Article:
Little of that seems to matter to Mr. Trump, though, who has showcased his determination to reshape America’s relationship with a number of Middle Eastern countries, regardless of human rights concerns. In his public remarks on Monday, Mr. Trump made no mention of such issues; aides said he believed discussing them in private might be more effective.

“I just want to say to you, Mr. President, that you have a great friend and ally in the United States and in me,” Mr. Trump told Mr. Sisi.

Mr. Sisi responded in kind, sometimes in language mimicking a Trumpian sales pitch. “You will find Egypt and myself always beside you in bringing about an effective strategy in the counterterrorism effort,” he said. He also vowed to support Mr. Trump’s effort to negotiate peace between Israelis and Palestinians, calling it an effort to “find a solution to the problem of the century in the deal of the century.”

While Egypt has long been a crucial American ally in the Middle East, Mr. Trump’s admiration for Mr. Sisi seems to mirror in some ways his appreciation for President Vladimir V. Putin of Russia as a fellow tough figure. After their first meeting in September, on the sidelines of the United Nations General Assembly when Mr. Trump was running for president, he hailed Mr. Sisi as “a fantastic guy” and spoke admiringly of his iron-fisted methods. “He took control of Egypt. And he really took control of it,” Mr. Trump said in an interview with Fox Business Network.

Mr. Sisi has rejected suggestions that he rules like a dictator. Speaking to The Financial Times in December, he said he was “building love between Egyptians, a wave of respect for the other that will start in Cairo and spread across the region.”

Yet as he was preparing to meet Mr. Trump on Monday, a court in Cairo sentenced 17 people to jail terms of five years each for taking part in street protests in January 2015.

In Rome, the parents of Giulio Regeni, an Italian postgraduate student found dead in Cairo last year, held a news conference to press their longstanding accusations that Egyptian security officials had abducted, tortured and killed their son, probably on suspicion that he was a spy. The family’s lawyer, Alessandra Ballerini, said they had identified two high-ranking Egyptian national security officials said to be implicated in the case, but declined to give further details.

Beyond a shared love for harsh rhetoric warning against the dangers of jihadist Islam, Mr. Trump has striking similarities with Mr. Sisi’s brand of authoritarianism in Egypt, according to Middle East analysts. Both leaders came to power promising splashy projects derided by experts — an expensive extension of the Suez Canal for Mr. Sisi, and a giant wall along the Mexico border for Mr. Trump. In speeches, both leaders have been ridiculed for making exaggerated claims, embracing conspiracy theories and speaking in a limited rhetorical style.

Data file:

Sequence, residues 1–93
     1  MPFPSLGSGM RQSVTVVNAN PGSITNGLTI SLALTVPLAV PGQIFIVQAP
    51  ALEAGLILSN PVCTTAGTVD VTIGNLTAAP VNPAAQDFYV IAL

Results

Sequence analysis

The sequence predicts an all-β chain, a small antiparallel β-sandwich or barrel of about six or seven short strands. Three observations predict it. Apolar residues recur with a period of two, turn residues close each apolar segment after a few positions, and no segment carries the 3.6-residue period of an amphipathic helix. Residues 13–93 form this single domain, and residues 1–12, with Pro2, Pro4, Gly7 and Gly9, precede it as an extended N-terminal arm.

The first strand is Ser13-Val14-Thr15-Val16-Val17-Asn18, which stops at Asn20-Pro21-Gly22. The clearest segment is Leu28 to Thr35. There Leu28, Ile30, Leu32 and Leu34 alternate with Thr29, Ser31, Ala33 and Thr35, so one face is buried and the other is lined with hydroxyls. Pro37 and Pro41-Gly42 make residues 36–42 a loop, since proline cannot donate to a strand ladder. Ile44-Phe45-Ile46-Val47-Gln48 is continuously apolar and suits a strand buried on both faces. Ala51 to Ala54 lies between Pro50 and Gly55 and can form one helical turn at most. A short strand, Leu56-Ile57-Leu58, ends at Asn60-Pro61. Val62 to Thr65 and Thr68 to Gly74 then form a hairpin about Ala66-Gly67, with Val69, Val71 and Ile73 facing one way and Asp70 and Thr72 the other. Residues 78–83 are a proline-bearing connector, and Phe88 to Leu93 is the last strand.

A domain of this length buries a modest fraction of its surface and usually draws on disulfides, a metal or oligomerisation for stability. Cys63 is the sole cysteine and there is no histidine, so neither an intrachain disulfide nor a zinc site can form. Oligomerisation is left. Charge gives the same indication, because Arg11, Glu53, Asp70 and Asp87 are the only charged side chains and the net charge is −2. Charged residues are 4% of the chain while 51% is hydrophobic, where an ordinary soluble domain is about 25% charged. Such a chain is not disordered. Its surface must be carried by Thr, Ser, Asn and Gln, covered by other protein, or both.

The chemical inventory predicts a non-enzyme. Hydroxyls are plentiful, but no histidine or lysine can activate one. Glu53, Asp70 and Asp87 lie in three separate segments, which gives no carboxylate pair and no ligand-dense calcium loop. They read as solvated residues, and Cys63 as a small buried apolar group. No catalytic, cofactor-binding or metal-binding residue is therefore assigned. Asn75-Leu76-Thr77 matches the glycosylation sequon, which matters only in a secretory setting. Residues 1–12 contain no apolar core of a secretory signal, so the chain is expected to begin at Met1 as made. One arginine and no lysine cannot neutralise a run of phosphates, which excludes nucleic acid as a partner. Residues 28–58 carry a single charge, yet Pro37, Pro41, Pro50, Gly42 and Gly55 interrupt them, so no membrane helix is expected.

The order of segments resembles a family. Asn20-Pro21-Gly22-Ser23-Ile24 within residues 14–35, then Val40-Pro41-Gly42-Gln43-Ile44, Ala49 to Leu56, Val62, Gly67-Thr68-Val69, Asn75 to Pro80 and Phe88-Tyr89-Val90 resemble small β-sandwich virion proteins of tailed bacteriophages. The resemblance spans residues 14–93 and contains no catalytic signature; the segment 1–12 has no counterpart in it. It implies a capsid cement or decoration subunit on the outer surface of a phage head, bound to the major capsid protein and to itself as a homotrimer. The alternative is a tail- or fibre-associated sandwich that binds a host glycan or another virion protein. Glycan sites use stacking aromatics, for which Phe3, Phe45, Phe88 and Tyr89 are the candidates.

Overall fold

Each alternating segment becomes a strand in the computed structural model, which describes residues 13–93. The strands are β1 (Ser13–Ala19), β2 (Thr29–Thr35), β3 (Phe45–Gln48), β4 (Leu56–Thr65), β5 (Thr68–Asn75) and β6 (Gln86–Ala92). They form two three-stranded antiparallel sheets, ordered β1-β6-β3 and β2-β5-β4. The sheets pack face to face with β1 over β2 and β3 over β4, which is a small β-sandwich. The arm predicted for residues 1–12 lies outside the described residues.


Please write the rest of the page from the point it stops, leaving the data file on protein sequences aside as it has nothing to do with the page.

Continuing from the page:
Egyptians also often mock Mr. Sisi for speaking in a rustic form of Arabic that contrasts with the formal version usually favored by national leaders. Mr. Trump has the grammar and vocabulary of a fifth-grade student, one study last year found.

Both leaders are notoriously thin-skinned and project a sense of unfiltered self-regard. In recent months, Mr. Trump branded critics in the “fake news” media as the “enemy of the American people”; last year, in a fit of exasperation, Mr. Sisi told Egyptians, “Please, do not listen to anyone but me!”

Yet in many other ways there are vast differences between their styles. While Mr. Trump wrestles with a hostile media and recalcitrant factions in his Republican party, Mr. Sisi’s government has imprisoned dozens of journalists — fewer only than China and Turkey, according to press freedom groups — while the national Parliament is stuffed with his supporters.

It remains far from clear what the two leaders can offer each other in concrete terms. Mr. Sisi has resisted loud appeals to release Aya Hijazi, an American aid worker imprisoned in Egypt, while Mr. Trump’s White House is considering slashing foreign aid to countries including Egypt’s $1.3 billion in military assistance. The Trump administration also appears to have gone cold on proposals to designate the country’s Muslim Brotherhood as a terrorist organization.

While human rights advocates criticized Mr. Trump, a lawyer for Ms. Hijazi said her supporters had been working with his administration to highlight her case and those of others held. “We are confident that the case is being prioritized at the highest levels of the United States government,” said the lawyer, Wade McMullen, managing attorney at Robert F. Kennedy Human Rights, an advocacy center.